VREAA you maybe interested in this article. I dont know how much Canadian banks borrow offshore but Australian banks. But the warning is out. Get yourselves in order.

    http://www.businessspectator.com.au/bs.nsf/Article/European-crisis-pd20120723-WFSWN?OpenDocument&emcontent_Gottliebsen

    Three months ago the possibility of a European break-up was real but an outside chance. Last week a survey by Bank of America Merrill Lynch of international institutions showed that a European crisis was now the outcome considered most likely by a majority.

    All Australians need to understand that if the institutional majority is right – and out of a European crisis there is a break-up of the euro – then there will be a banking crisis in Australia.

    But one by one, banks in Australia are starting to implement parts of their emergency plans. The European banks are major players in the global wholesale lending market and they are significant funders of about 40 per cent of Australia bank loans. Those European banks are going to incur substantial losses on a euro split and will no longer be able fund Australian banks.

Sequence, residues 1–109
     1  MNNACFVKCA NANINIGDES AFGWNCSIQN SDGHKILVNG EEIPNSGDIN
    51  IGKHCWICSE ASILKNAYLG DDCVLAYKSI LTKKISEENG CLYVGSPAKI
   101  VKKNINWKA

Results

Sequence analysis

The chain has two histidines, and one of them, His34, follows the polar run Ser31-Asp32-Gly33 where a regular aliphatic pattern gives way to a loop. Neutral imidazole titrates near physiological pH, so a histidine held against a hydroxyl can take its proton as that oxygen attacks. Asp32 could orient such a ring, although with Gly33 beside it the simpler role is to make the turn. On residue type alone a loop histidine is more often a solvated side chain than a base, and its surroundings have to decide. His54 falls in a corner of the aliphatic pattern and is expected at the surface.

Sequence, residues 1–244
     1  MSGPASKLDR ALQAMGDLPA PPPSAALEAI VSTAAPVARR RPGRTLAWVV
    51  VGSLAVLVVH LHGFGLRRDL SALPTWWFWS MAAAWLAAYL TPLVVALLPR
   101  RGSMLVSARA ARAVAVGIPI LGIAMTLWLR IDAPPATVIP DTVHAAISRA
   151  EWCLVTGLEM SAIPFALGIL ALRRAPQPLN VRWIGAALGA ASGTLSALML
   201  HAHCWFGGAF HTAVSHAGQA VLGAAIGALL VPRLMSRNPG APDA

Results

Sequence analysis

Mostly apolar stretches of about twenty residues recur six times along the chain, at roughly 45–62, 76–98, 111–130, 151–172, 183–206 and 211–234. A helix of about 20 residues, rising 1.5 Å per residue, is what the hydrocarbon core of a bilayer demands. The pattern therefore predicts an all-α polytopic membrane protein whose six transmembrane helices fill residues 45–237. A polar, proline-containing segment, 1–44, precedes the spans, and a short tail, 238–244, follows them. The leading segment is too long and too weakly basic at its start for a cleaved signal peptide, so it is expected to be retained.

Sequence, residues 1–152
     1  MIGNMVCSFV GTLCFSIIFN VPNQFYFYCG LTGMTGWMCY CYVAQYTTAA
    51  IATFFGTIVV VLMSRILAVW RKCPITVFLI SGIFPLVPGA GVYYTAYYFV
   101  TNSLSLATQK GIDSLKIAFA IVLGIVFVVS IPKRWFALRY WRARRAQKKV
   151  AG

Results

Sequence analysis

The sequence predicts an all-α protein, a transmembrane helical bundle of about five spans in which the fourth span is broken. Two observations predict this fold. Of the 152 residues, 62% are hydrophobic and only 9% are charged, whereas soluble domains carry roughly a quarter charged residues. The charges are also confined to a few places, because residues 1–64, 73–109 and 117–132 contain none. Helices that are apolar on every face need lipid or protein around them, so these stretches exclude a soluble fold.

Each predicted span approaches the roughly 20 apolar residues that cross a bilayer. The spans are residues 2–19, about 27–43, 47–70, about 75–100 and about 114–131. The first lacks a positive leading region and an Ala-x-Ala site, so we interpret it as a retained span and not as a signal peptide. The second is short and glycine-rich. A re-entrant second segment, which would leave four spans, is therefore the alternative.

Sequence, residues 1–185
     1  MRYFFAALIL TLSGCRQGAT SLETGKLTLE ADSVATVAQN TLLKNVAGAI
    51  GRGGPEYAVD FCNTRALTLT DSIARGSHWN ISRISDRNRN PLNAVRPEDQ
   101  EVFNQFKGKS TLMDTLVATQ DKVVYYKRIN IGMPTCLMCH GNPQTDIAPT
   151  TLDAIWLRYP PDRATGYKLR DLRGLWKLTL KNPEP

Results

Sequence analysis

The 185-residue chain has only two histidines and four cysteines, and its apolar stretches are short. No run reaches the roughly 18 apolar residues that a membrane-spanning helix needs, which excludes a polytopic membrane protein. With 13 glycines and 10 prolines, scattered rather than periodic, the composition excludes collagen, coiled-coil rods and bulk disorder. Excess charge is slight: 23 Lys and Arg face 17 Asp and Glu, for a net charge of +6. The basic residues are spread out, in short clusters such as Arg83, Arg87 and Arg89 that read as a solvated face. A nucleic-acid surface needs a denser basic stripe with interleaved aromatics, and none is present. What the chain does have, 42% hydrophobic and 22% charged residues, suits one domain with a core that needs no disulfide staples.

17. Ralph Cramdown

    Cheap as I am, I set a goal of averaging $1k/year in depreciation on the primary vehicle (in Ontario), and I’m on track, in a nice ride.

    The car market really led the way for the real estate market in emphasizing monthly payments over total cost.

    Vancouver IS nuts from an automotive standpoint. Visiting from Toronto, I feel like I’ve come from a declining rustbelt city to a centre of prosperity, even though I know that, economically, that isn’t true at all.

    My favourite falsehood about financed home improvements is realtors’ oft quoted stats about “return on investment.” They’ll say something like “renovating a kitchen or bathroom provides one of the highest returns on investment at 90%, but when you look at what they mean, it’s that you’ll get 90% of your money back if you sell, and where I come from, that’s a -10% return on investment.